I know it''s late, but I had to work the freaking late shift again at the boat store, and it looks like I may be doing so til the end of time or the finding of another job.
Anyway, there are plenty of sharks off the Carolina shore (like Myrtle Beach - I used to live in Little River). Just as there are many sharks in any coastal area. As stated above, just because you don''t see them, don''t think they aren''t there. The most aggresive I ever saw was, believe or not, a blue tip that followed our boat from just out of the jetty til it lost interest. This was right after a week of tumultuous storms in the area. I only hope it didn''t turn back and bite a swimmer. Unfortunately, and against my wishes, others aboard threw him bits of meat and such - there were a few onboard who did throw morsels of their lunch overboard to tempt him, and he devoured every one. There are many, many breeds, and many temperaments. I have been circled for 4 days, while becalmed (later we learned to take more fuel), with nothing more than a languid glance from a 15 foot thresher. He appreciated the leftovers thrown overboard - became like a big pet that ate the leftover chicken and broccoli and such. Now, when you are 1,000 miles out - there is nowhere to put your garbage! He was persistent, I must say, obviously responding to the resonating sounds from the boom, but never ever made an effort to attack while I was on the transom washing out the pots from dinner. Needless to say, I didn''t get the nerve up to do this til he had been around a day. After a day and a half, my thought was, if he eats me, who is the one throwing him the grub, cause the others were too afraid to even lean over the gunwale, he won''t get anything else to eat. I sent that vibe out, and it worked, I guess, cause I was the one who volunteered to wash out the pots and he never made a move on me. Believe me, I was barely hanging out there, and always ready to jump back. On the afternoon of the fourth day we actually got to set some sail. He left. I saved some of my chicken and broccoli and rice that night, covering it with plastic wrap, hoping he would come back. I was awakened for my watch - the midwatch, my least fave. I took my bowl to the cockpit, ate some of it. It was a full moon. About 45 minutes into my watch - there he was. He stayed with us the next 2 days, only coming close at night, for some reason, getting a scream or two from the other crew member (a ''well-seasoned sailor'' who wrote, at the time, for a prominent sailing magazine). So, even the most vicious denizens of the deep can be tamed for a bit by broccoli, I suppose.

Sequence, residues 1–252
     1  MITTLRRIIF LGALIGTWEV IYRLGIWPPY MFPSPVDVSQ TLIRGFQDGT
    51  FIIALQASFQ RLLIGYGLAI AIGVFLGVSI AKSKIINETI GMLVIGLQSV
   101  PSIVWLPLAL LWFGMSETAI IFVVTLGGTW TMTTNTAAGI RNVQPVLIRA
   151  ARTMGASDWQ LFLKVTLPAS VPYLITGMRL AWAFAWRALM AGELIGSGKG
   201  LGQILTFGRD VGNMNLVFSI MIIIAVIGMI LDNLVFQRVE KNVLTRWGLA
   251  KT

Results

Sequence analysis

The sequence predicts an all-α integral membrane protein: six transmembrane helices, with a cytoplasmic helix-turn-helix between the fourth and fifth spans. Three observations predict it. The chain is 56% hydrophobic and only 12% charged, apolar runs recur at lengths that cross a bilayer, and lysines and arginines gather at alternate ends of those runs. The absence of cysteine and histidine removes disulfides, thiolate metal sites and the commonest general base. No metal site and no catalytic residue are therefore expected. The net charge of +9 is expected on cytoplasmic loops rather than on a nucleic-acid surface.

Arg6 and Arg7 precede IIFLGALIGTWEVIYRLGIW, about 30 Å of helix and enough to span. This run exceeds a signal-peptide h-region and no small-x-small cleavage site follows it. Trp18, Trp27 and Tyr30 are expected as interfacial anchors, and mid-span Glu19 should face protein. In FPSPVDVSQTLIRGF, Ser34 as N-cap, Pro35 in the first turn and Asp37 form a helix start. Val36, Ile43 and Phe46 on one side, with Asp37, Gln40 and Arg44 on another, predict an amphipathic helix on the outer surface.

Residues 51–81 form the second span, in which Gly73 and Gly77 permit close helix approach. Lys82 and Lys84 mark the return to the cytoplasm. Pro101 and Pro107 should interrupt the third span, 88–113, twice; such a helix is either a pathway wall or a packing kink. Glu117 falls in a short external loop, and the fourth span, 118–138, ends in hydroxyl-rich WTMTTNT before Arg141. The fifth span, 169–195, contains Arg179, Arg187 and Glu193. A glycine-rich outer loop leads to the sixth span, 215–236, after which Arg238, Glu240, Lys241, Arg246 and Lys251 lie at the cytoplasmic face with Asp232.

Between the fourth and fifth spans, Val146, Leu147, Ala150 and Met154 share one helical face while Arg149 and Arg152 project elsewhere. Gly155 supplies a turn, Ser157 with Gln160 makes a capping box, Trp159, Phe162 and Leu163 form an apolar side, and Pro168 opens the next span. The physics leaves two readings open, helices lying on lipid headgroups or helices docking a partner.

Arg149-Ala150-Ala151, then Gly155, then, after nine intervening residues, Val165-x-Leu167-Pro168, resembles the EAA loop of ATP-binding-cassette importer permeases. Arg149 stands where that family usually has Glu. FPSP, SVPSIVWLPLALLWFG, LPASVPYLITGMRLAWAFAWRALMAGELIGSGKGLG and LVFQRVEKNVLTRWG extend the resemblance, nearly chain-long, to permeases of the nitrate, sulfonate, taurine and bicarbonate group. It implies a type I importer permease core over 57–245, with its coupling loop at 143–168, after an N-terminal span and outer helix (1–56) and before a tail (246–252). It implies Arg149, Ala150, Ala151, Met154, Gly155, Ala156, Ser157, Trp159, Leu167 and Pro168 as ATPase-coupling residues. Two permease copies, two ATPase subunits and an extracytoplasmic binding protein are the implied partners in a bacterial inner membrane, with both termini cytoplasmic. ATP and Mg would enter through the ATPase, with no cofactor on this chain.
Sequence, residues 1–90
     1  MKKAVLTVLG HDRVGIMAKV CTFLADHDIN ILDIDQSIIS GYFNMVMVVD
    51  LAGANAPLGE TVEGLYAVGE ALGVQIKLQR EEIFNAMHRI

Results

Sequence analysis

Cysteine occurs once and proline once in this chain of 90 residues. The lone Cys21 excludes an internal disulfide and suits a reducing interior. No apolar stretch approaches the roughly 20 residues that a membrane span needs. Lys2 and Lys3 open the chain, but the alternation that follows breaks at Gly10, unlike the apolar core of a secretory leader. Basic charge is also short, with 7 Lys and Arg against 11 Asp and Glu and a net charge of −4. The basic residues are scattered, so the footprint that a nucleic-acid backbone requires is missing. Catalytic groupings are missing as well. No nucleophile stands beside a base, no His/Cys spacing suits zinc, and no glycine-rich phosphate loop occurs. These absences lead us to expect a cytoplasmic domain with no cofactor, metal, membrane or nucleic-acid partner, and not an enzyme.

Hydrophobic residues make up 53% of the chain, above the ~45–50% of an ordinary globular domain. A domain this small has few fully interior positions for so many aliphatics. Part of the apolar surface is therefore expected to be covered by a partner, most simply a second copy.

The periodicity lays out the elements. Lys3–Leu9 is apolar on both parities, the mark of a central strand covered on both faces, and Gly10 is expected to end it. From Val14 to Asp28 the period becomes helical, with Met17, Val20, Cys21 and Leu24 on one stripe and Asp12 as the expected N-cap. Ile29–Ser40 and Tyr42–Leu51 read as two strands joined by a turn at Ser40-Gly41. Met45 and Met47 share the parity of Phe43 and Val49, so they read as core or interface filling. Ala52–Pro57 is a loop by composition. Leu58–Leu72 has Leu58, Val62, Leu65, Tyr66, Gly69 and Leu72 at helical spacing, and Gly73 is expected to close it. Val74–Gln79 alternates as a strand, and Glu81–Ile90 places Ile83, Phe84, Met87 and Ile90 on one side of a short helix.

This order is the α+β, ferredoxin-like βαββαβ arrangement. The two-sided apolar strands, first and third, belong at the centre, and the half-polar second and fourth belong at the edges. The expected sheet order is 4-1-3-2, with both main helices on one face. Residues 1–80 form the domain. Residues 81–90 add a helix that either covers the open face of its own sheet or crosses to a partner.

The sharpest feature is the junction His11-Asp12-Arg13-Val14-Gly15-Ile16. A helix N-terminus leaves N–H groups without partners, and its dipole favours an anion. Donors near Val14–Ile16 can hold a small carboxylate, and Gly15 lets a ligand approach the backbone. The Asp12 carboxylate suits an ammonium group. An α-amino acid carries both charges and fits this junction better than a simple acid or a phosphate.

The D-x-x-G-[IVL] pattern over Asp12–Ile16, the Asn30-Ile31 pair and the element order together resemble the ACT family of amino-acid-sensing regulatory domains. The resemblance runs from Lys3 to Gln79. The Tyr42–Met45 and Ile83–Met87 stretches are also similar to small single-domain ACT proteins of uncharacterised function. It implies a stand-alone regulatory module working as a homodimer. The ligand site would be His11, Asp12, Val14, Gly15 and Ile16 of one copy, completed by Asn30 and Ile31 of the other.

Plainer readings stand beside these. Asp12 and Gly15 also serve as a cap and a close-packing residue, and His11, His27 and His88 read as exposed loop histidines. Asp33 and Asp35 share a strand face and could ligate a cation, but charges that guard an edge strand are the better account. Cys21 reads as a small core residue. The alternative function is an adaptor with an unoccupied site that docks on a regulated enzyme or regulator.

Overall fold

NOT recommending ever tossing anything overboard for the feeding of sharks, just sharing my story of life at sea.
and remember, this is their home,